Alcohol, Prescription Medications, and Anxiety – The Connection Explained

The COVID pandemic has meant that Americans are living through unprecedented times. Isolation, quarantine, social distancing, financial difficulties, and unemployment are just some of the challenges we are facing, not to mention political strife, riots, and people getting sick and dying.

It’s not surprising that stress and anxiety levels have gone through the roof. A poll conducted by the Kaiser Family Foundation found nearly half of American adults feel the pandemic has affected their mental health. And 1 in 5 out of those surveyed said the impact on their mental health was “major.”1 What this means is an unusually high number of Americans are struggling with fear, anxiety, depression, loneliness, sleep disturbance, or simply being on edge.

COVID and Alcohol Use

Many people are dealing with these emotions by reaching for easily accessible substances like alcohol and prescription drugs. Specifically, because it is socially acceptable, alcohol is increasingly being used to deal with the roller coaster of emotions associated with COVID. That people are relying more on alcohol during the pandemic is confirmed by skyrocketing alcohol sales. The market research firm Nielsen reported a 55% jump in the sale of alcoholic beverages in March.2 Online sales were up nearly 250% in March. Market watchers suspect this was because people were hoarding alcohol in preparation for stay-at-home orders.

COVID and Prescription Medications

The fact that COVID is having an impact on people’s mental health is also confirmed by the number of prescriptions filled for anti-anxiety, antidepressant, and anti-insomnia medications. In February and March, just as COVID was declared a pandemic, Express Scripts reported a 21% increase in prescriptions for anxiety medications.3

This is not necessarily a bad thing. It’s encouraging that Americans are seeking professional help for their mental health symptoms. But the problem arises when people start mixing alcohol and prescription anxiety medications. The combined use of alcohol and prescription medications complicates the diagnosis and management of anxiety and depression. It also dramatically increases the risk of accidental overdose and death.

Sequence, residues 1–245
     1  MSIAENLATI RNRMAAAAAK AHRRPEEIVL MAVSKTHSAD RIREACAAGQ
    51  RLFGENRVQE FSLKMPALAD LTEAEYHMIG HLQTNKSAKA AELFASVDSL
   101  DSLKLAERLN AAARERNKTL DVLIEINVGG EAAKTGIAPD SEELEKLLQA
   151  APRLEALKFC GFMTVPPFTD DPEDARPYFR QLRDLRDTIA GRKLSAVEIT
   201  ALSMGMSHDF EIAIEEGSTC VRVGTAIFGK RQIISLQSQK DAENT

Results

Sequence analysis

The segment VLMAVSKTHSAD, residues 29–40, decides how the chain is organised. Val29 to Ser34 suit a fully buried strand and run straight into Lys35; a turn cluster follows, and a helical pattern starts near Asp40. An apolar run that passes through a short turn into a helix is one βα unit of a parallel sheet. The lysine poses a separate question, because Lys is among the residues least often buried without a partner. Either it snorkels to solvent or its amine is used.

Understanding Inter-dose Withdrawal

Many people who are struggling with alcohol or drug addiction are aware of the withdrawal symptoms one can experience when trying to quit. But less well-known is something called inter-dose withdrawal. The term refers to the mild withdrawal symptoms that people who have been abusing prescription medications or alcohol for a long time experience just before their next dose.

What makes inter-dose withdrawal particularly dangerous is that it can occur both with alcohol and benzodiazepines (anti-anxiety medications like Valium, Xanax, and Ativan). So, if someone’s anxiety is being treated with Xanax, they may experience some breakthrough anxiety just before it’s time for their next dose. They could potentially turn to alcohol to deal with their symptoms.

Now, alcohol is known to reduce anxiety in the short-term. Cocktail hour was invented to help people get over social anxiety, after all. However, the anti-anxiety effects of alcohol are short-lived. Over the long-term, self-medicating with alcohol for anxiety symptoms ends up causing more harm than good with severe anxiety between bouts of drinking.

The Dangers of Mixing Anti-Anxiety Medicines and Alcohol

Benzodiazepines and sleeping aids mixed with alcohol can be dangerous, even deadly. With the sales of both alcohol and anxiety meds increased simultaneously, it is a worrisome situation. Benzos and alcohol taken together have a synergistic effect, i.e., each substance enhances the effect of the other. Combined together, they can completely knock out the respiratory system, leading to slowed breathing, and in some cases, complete cessation of breathing. That’s how people accidentally die of overdoses. While it takes a large amount of alcohol and a massive overdose of sleeping pills to kill a person, alcohol and benzodiazepines together have a toxic interaction and can lead to death, which unfortunately happens far too often.4

Sleep, Anxiety, and Alcohol

When people say alcohol helps them sleep well, it is a false belief. While alcohol might help you fall asleep, it messes up the various phases of sleep that are important for a good night’s rest. An alcohol-induced sleep is poor quality sleep and you wake up feeling tired and worn out.

Good quality sleep is essential to maintaining mental health. Long periods of sleep deprivation or poor-quality sleep can worsen symptoms of anxiety and depression. And while sleep aids can help, they must be taken as prescribed.

As we get through these complicated times, it’s important not to self-medicate with alcohol for symptoms of anxiety and depression. And if you’re using benzodiazepines, always take them exactly as directed by your physician.

There are healthy ways to cope with the stress of COVID. Eating healthy foods, exercising regularly, meditating, and keeping busy with hobbies are all good coping strategies.

If you or a loved one is struggling with alcohol or prescription drug addiction, we encourage you to get professional help at a Washington drug rehab. Experts in addiction treatment can create an individualized treatment plan that includes therapy for co-occurring anxiety or other mental health problems.

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